** I recently alerted Time Goes By blogger, Ronni Bennett, to a study I found online regarding the forced government management of elder finances, a "financial driver's license", if you will. She definitely ran with that ball: Big Brother Is Out To Control All Elders' Money. And please note the following true story is not in any form an affirmation of that ominous study's conclusions; it is important to remember the financial decisions made by our family were shaped by choices both in and out of our control, but they were not overseen by some governmental bean counter in D.C.
"Where the market permits planning which results in a reduced net price, a purchaser cannot be faulted for availing himself of the lower price even if he could pay more. In a health care system in which the commodity known as health is bought and sold, there is no reason why any market participant should value another person's property (that is, health) more than his own. Until the United States elevates health care to a moral right, instead of a property right, Medicaid planning is morally and ethically justified." Elder Law Attys Timothy L. Takacs & David L. McGuffey
When my grandmother started going downhill physically and mentally to the point it wasn't safe to leave her alone in the house all day, my aunt (her only daughter) began to investigate how Medicare/Medicaid might be able to help pay for a full time nursing home care. Nursing homes become the only remaining alternative available when families do not have the personal wealth necessary for private duty nursing nor have a family member who can devote 24 hours a day to care giving of an elderly relative.
Medicare coverage for long-term nursing is a joke, and does not hold out an option for more than a hint of in-home care. Nor does it cover much more than a few weeks in a convalescent facility.
Yes, my grandmother owned her home outright, the only true asset she possessed and even that was wasn't worth more than $38,000 in a good market.
Doubly troublesome, my aunt had lived with my grandmother for 30+ years, and had been pretty much her sole caregiver for more than half of those years. The house was home to my aunt as well though her name was not on the deed.
Thus, the question loomed as how to pay for grandmother's care without a forced sale of the house which not only would have wiped out my grandmother's only source of material wealth, but also would have denied my aunt a home she had lived in for many years.
And by this point, my grandmother was not mentally competent to execute legal documents. Luckily for our family, she had signed a power of attorney a few years prior and my aunt could make necessary legal decisions for her.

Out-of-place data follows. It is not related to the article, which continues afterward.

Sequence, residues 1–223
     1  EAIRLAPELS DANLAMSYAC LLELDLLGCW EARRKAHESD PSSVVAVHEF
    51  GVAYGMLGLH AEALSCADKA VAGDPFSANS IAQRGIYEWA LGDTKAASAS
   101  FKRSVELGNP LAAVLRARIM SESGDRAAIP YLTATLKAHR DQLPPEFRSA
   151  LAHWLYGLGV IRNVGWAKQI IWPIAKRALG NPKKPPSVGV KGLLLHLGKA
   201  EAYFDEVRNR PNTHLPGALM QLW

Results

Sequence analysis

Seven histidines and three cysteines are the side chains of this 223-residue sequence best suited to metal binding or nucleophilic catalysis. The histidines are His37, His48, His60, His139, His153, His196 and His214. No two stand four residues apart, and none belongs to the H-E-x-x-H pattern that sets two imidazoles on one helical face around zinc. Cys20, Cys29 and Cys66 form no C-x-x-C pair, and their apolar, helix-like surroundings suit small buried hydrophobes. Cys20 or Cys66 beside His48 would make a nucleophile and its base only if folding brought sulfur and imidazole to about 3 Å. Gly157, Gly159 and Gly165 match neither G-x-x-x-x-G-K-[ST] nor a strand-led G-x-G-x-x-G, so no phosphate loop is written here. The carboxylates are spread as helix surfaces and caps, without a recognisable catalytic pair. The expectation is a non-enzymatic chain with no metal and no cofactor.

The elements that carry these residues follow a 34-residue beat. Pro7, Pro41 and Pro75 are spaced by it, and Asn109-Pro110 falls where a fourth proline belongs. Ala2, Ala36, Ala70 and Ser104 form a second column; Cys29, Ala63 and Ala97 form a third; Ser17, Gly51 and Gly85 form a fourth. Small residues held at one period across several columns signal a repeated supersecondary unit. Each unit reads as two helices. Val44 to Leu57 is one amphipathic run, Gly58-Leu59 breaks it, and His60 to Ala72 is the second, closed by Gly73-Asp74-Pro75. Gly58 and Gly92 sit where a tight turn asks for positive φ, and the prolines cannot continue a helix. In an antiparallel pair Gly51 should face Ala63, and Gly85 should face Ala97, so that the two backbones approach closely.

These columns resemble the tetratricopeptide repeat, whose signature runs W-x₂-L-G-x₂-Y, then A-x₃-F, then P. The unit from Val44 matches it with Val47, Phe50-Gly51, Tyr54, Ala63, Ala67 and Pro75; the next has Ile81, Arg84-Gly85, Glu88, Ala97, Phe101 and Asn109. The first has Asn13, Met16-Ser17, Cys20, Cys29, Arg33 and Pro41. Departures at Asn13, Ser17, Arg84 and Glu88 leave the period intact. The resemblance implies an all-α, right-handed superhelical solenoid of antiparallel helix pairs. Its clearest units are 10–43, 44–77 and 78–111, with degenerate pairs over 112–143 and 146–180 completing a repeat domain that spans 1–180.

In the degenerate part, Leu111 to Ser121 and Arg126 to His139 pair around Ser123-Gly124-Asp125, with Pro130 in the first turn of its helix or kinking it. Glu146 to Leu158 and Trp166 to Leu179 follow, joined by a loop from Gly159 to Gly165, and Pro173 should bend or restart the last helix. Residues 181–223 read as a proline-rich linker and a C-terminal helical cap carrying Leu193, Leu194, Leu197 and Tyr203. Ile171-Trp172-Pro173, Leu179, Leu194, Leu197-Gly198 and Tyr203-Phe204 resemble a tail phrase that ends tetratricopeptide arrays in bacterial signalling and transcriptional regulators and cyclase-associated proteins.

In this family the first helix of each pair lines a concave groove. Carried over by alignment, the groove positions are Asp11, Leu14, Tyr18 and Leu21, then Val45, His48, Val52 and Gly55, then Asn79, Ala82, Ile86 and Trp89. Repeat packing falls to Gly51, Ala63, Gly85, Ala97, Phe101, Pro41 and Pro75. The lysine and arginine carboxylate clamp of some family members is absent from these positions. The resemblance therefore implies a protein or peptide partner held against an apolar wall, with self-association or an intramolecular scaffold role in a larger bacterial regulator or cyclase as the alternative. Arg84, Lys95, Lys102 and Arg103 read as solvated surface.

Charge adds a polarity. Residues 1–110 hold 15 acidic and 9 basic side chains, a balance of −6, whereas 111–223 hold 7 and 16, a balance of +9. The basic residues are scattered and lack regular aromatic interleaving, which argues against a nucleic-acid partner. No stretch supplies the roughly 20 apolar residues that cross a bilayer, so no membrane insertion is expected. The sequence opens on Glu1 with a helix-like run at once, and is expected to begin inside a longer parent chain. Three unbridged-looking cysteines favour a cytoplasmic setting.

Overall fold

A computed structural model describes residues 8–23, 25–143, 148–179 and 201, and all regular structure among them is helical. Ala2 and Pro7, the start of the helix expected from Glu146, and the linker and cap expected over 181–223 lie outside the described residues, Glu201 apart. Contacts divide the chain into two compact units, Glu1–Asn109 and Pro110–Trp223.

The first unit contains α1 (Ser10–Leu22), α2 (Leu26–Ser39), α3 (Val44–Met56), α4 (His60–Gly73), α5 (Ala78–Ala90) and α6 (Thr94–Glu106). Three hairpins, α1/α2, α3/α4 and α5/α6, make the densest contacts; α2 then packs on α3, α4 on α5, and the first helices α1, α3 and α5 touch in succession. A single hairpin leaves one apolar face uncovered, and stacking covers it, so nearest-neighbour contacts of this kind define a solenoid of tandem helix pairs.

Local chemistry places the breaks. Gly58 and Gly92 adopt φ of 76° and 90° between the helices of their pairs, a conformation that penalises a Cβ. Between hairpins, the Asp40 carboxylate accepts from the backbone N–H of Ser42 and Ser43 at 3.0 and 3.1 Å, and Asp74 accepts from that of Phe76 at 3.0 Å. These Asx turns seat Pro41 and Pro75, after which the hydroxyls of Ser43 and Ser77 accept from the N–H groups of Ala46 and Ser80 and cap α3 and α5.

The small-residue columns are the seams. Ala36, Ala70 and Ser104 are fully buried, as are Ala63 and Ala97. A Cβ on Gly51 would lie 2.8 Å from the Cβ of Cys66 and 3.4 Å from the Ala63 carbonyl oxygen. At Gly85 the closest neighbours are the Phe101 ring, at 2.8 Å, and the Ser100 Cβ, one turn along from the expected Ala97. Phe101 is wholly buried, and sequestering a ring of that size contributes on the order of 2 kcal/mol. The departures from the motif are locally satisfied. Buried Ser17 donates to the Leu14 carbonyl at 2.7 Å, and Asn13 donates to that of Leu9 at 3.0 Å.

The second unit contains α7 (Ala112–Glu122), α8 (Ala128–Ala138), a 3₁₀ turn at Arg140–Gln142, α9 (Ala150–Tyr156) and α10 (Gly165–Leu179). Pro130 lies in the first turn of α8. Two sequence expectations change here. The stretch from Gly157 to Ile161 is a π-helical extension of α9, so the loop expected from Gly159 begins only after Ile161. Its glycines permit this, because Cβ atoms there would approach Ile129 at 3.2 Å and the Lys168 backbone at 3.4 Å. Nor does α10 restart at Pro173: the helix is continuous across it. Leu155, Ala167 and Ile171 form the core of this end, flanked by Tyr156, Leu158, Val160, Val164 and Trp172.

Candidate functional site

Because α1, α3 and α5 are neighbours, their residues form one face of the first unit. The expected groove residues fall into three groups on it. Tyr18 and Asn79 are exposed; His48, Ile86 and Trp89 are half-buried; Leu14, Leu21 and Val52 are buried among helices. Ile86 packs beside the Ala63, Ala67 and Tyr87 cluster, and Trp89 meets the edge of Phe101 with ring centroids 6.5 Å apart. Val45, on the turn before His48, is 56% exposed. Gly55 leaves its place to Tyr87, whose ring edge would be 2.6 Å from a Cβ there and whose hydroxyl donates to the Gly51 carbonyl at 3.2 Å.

Some might argue that we were "gaming the system" when we set about to try and preserve the house from being sold to cover medical bills, but in truth, the result was going to end the same - grandmother would spend down every last cent of her assets, and then would be a Medicaid patient inevitably. That $38K hundred-year-old house in a very small dead and dying Texas town wouldn't even cover six months worth of nursing home bills, and my aunt who needed to live near my grandmother would be without a roof over her head.
The cost of long-term care is often catastrophic for elders and their families. So, is it “wrong” to help the elderly protect their assets by engaging in Medicaid planning?
For our family, the short answer was no.
Though we didn't use lawyers, we did avail ourselves of been-there, done-that advice of friends and family, and managed to keep the house intact for my aunt who continues to live in the home. My grandmother received adequate (though far from stellar or even desired) care and my aunt was able to keep working and provide the other essentials not covered by Medicaid (i.e. better quality adult diapers, etc.). Trust me when I say it is important to visit an elder loved one who is living in a nursing home; the work is hard with low-pay, and the nursing home staff stays more attentive to patients whose families are personally involved in the day-to-day care.
Contrary to the perceptions of some, Medicaid is not just a lifeline
for America’s poorest citizens. Rather, for America’s seniors, Medicaid is now also very much a middle class program. Funded jointly by the states and the federal government, Medicaid today pays nearly two thirds of all nursing home and long-term care bills. So when Medicaid is in trouble, so too is middle America.
The Economic Downturn & Its Effects on Seniors, Testimony to the Senate Special Committee on Aging (2002) (opening statement of U. S. Senator Larry Craig, Ranking
Member of the U.S. Senate Special Committee on Aging), http://aging.senate.gov/events/hr79lc.htm.
I wouldn't wish nursing home care on anyone, but unfortunately, that becomes the only alternative for the majority of American families. Did we behave unethically by not selling my grandmother's home?
Would I consider someone who owned say, a half-million dollar home and another half-million or more in cash holdings a deadbeat citizen if they sought ways to avoid "spending down" their wealth? Good question, but I seriously doubt someone with that amount of wealth wouldn't be able to afford better in-home care and most likely would have expensive long-term assisted living insurance coverage; is it truly an apples to apples comparision between that individual and someone with far less monetary means?
I suppose it could be determined by whether you see the issue in black and white, or in shades of gray.
I can only say I didn't lose any sleep over our family's decision.